How to Start a Podcast When You’re Already Super Busy

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Starting a Podcast When You’re Already

It’s been called a healer, a teacher, and the most important currency.

Everyone gets the same amount, but it’s never enough. Successful people use theirs much more efficiently than others. Once it’s gone, you can never get it back.

Next to perhaps money, time is the most valuable commodity you have as an entrepreneur.

You already know why it’s so important to spend some of this time planning and launching a podcast. But now that you’ve officially decided to go through with it, you’re wondering how you’ll find time in your already-packed schedule for the many things that a successful podcast host and creator has to take care of.

Don’t worry. While there’s always going to be an investment of time required for successful podcasting, with the proper planning you can maximize your return on this investment to create a great podcast without it dominating your schedule and taking away from your other responsibilities.

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Plan early and extensively

As the old saying goes, “failing to plan is planning to fail.” It’s also planning to waste a lot of time: without a plan in place that says what you will do, when you will do it, and how you will do it, you’ll struggle to launch your podcast efficiently.

Just a few concepts that should be handled during the planning stages of a podcast include:

  • Determining how long your shows will be and how often they’ll be released. Marketing research shows that around 20-30 minutes is the best length for a podcast, but you may choose to go longer or shorter depending on the nature of your show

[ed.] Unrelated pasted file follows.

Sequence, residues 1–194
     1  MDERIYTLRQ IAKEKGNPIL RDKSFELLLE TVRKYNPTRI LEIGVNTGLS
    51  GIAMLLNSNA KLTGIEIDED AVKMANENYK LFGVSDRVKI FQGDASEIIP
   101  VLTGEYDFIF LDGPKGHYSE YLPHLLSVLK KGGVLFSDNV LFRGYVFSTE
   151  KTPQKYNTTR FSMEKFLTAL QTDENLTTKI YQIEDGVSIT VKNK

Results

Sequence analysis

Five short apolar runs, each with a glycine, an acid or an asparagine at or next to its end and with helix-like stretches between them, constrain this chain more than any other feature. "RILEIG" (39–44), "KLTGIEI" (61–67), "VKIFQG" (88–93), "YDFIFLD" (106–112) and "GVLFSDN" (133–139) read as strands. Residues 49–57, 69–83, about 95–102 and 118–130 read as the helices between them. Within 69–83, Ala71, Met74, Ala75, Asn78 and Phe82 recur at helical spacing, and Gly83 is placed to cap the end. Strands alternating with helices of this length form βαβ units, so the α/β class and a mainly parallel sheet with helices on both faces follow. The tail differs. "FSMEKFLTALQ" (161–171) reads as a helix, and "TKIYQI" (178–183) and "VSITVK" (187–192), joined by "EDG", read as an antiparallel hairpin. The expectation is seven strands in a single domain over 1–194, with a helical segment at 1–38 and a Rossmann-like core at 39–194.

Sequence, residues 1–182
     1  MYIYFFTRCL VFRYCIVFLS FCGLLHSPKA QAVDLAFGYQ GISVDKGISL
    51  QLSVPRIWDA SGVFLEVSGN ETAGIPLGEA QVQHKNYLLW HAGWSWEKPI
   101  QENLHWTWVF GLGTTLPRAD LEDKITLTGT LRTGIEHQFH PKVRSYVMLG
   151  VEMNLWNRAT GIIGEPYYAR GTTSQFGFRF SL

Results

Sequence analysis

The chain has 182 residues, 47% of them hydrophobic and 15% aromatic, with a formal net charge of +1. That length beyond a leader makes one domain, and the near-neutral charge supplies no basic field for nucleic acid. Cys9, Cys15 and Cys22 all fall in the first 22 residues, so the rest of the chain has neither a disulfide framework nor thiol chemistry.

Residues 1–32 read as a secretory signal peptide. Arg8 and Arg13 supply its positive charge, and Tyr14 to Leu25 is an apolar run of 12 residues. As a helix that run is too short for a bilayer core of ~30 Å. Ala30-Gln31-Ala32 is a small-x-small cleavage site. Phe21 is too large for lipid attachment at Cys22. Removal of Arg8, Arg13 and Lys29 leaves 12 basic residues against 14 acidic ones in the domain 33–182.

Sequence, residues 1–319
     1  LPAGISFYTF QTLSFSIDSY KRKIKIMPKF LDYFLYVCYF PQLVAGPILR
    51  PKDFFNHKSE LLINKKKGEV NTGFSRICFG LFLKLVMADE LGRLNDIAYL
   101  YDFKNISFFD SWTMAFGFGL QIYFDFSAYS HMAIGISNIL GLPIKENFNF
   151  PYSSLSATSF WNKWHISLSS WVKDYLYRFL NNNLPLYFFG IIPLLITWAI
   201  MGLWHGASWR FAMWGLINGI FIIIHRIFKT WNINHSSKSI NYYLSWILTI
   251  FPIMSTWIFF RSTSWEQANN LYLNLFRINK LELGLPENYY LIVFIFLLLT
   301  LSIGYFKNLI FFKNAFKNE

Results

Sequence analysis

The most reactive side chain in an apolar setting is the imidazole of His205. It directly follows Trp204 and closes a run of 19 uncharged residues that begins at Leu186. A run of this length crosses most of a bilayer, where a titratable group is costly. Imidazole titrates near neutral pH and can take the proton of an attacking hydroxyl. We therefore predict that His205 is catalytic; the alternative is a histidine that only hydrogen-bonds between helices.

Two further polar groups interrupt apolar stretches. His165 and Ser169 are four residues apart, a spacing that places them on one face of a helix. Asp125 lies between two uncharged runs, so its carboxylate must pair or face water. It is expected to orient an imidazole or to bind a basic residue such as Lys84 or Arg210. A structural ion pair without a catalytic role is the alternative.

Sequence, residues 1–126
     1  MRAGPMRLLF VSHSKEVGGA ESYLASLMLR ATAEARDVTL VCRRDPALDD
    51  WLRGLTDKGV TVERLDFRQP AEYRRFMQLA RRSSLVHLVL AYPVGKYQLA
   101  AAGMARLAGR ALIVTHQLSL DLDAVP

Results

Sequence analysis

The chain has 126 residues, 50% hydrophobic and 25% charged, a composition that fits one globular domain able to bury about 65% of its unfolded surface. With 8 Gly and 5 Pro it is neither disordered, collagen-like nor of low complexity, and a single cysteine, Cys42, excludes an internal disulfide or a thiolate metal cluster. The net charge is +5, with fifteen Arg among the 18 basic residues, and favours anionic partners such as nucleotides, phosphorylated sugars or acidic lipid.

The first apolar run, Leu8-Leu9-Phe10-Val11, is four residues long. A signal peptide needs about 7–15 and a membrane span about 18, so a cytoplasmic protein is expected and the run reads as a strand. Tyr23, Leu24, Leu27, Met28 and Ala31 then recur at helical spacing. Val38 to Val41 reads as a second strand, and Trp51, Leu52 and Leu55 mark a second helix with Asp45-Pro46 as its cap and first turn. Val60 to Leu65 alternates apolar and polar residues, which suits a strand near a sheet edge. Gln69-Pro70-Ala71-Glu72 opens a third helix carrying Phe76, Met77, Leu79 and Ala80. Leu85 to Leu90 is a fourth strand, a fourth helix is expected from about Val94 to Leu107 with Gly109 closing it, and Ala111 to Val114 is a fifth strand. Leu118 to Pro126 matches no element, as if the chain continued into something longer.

• Choosing your structure: will you hold interviews? Q&A sessions with your listeners? Discuss news stories in your industry? These are all common elements of podcasts in every industry
  • Promoting your podcast. There are plenty of unique ways to promote a podcast, but you can’t spread yourself too thin when it comes to marketing your podcast. You’ll want to choose a few methods that will provide the most benefit for your show, based on its content and target demographic

Of course, you don’t want to spend so much time planning your podcast that it takes away from the actual launch. But the more you can plan out in the future, the easier it will be to stick to that plan and keep things on track for your launch.

Manage your expectations

The decision to start a podcast requires a certain amount of confidence. Undoubtedly, having this confidence is what has helped you succeed in other areas of business and life.

But there’s a fine line between confidence and foolishness when it comes to expectations for your podcast. It takes lots and lots of sustained effort and time to build up a podcast audience and keep them engaged long-term.

Don’t try to do too much all at once. It’s nice to imagine a thriving podcast with multiple releases each week, tens of thousands of listeners, and consistently innovative content that sets the bar in your industry, but this just isn’t realistic. Not at first, anyway.

There’s no ceiling to what you can accomplish with your podcast, but when you’re first starting up your show you should aim to simply get on a consistent release schedule and start promoting your podcast regularly.

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Block out dedicated time for your podcast

Jerry Seinfeld is one of the most successful comedians of all time. He created a sitcom ranked as one of the best in history and always ranks highly on the lists of the top-earning comedians in the world.